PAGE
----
Half H-bridge with one digital output pin

Is it possible and okay to use 1 digital I/O pin to control "1,2 EN" and "3,4 EN" at the same time by having the pin wired to both of them in parallel?

I'm noticing while I am testing my project that my stepper motors are consuming huge amounts of energy and aren't leaving enough for my dc motor when I need my dc motors to work.

Basically I want my stepper motors to move to certain positions. Once those are in position, then they just stay there and then the dc motors comes into play and starts doing some timed movement. Once that is done, the stepper motors move again while the dc motors are inactive.

To put it simpler, I want it like a seesaw: 2 stepper motors on, 2 dc motors off then visa versa and never on at the same time and I think that the best way to do that would be through the 1,2 EN and 3,4 EN on the motor drivers but I wanted to read your guys' input about controlling two EN's with one I/O pin. My objective is to conserve pins and power. (I don't think I can control motors using analog pins and I don't think I can turn off stepper motors using stepper library?) Thanks

Well curiosity got the best of me. Seems to work okay. Now I am having another dilemma. How do I get the pushbutton to work on the joystick controller?

Source: http://www.sparkfun.com/products/9032

Does it work just like other pushbuttons? Do I need a resistor to ground for this one? I am assuming it's open circuit initially which the digitalRead is "LOW". So far I have not got mine to work. It's the same controller I've been working with on my project mentioned in the other thread, http://www.arduino.cc/cgi-bin/yabb2/YaBB.pl?num=1289580263.

I don't think I can control motors using analog pins

Analog pins can be used as digital outputs (or inputs). You can refer to them as A0, A1, A2...

Does it work just like other pushbuttons? Do I need a resistor to ground for this one? I am assuming it's open circuit initially which the digitalRead is "LOW"

"Open circuits" do not read LOW. They read whatever noise is present. Sometimes that's a LOW, sometimes that's a HIGH.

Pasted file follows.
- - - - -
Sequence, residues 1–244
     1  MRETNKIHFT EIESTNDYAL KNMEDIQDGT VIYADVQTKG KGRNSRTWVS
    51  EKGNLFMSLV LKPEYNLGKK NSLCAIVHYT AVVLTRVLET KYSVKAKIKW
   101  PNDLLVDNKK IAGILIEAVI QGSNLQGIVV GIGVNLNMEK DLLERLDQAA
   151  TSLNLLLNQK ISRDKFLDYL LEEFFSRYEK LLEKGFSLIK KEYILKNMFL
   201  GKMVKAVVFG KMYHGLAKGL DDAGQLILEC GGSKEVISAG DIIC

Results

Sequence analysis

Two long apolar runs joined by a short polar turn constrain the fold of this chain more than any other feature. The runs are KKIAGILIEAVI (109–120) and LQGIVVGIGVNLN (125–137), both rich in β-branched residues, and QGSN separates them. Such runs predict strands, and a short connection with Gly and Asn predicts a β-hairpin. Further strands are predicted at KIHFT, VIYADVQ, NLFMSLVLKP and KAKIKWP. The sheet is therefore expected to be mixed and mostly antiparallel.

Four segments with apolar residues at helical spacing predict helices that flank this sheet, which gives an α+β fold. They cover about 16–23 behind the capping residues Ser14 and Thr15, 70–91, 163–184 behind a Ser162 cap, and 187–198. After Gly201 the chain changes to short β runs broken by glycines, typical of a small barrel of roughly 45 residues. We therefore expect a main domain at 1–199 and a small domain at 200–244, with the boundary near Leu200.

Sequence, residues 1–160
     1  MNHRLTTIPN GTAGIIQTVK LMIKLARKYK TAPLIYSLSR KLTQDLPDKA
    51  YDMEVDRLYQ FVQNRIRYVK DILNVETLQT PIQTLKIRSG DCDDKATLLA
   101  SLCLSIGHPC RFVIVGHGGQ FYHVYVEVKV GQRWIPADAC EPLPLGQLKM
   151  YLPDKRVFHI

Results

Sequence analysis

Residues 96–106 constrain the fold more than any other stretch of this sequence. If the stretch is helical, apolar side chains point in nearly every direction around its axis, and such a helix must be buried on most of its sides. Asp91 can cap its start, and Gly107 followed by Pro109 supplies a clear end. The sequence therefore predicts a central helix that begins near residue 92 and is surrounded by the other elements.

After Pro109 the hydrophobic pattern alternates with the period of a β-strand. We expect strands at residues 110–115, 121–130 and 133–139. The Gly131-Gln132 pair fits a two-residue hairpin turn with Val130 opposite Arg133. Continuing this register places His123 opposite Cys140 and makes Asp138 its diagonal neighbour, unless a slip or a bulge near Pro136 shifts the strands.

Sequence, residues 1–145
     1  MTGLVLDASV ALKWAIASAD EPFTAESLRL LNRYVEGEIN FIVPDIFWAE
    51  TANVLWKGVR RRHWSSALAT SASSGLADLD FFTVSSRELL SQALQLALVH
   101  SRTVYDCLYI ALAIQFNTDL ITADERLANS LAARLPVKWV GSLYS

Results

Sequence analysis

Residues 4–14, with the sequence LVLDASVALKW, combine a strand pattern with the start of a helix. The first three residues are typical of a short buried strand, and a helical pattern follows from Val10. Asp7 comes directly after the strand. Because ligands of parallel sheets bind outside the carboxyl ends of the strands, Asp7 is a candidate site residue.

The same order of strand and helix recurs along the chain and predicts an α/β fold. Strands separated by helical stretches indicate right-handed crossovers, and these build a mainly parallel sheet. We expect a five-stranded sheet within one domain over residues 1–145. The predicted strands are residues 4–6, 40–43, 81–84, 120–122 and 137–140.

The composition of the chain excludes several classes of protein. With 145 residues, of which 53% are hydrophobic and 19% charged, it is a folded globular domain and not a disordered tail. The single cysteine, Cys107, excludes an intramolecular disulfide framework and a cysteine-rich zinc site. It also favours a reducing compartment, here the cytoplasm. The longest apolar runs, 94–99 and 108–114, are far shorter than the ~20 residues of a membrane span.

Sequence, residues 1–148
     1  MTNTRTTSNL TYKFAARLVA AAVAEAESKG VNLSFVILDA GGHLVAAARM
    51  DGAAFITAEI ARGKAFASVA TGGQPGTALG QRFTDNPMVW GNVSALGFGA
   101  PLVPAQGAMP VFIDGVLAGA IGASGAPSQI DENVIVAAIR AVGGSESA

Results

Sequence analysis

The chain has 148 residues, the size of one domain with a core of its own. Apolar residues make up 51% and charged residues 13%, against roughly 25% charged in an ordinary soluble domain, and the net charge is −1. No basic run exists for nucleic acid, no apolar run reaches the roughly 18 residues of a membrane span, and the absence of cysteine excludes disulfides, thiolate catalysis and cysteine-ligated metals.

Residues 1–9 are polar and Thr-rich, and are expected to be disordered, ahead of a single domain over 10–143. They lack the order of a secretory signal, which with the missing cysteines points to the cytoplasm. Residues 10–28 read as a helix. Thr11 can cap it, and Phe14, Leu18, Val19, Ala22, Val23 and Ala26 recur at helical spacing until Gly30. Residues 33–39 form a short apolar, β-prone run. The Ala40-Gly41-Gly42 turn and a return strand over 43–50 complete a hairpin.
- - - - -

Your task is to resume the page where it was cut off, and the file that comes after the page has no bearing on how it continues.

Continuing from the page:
So yes, just like all pushbuttons, you should have a pull-up or pull-down resistor.

I am assuming it’s open circuit initially which the digitalRead is “LOW”

See my page on the topic:-
http://www.thebox.myzen.co.uk/Tutorial/Inputs.html

Thanks, yeah. I was trying to figure out how to work this pushbutton built-in with the joystick controller I figured out that it always reads HIGH until the user pushes which then it will read LOW so that was something new for me. Typically the pushbuttons I worked with are initially always on LOW until pressed then HIGH.

I had another question (instead of building another thread I just posted this question here): How do I add an external source to the Arduino UNO other than the USB to power the Arduino UNO? I've tried 12V AC 830mA into the 2.1mm center-positive plug and a 5.0V 2.5A into the plug as well but both don't seem to make it operate. I unloaded my code beforehand, then unplugged my micro controller from the computer after the code was uploaded but did not seem to work. The hardwiring was fine when I tested it before and after I tried it with an external power source. The website says 7 - 12 volts so I'm not sure what else could be the problem. Can someone help me out? Some of the microcontroller lights light up when I do plug in those two power sources but again the code is not working.

I've tried plugging it into the USB from my computer while the code was previously loaded onto the microcontroller and it worked without having to re upload the code (due to the memory on the controller).

Edit: Does it matter if the power supply is AC or DC?

Edit: Does it matter if the power supply is AC or DC?

:o :o :o :o :o :o YES !

Well I found another power source that can plug into the power jack pin and the rating says "DC 13.8V 8W"

Now the recommended voltage supply says 7-12V but what happens when it's outside of the recommended but within the limits? I don't want my microcontroller to get fried....

Source: http://arduino.cc/en/Main/ArduinoBoardUno

well it wouldnt be a big problem though if something goes wrong probably the voltage regulator would bear the brunt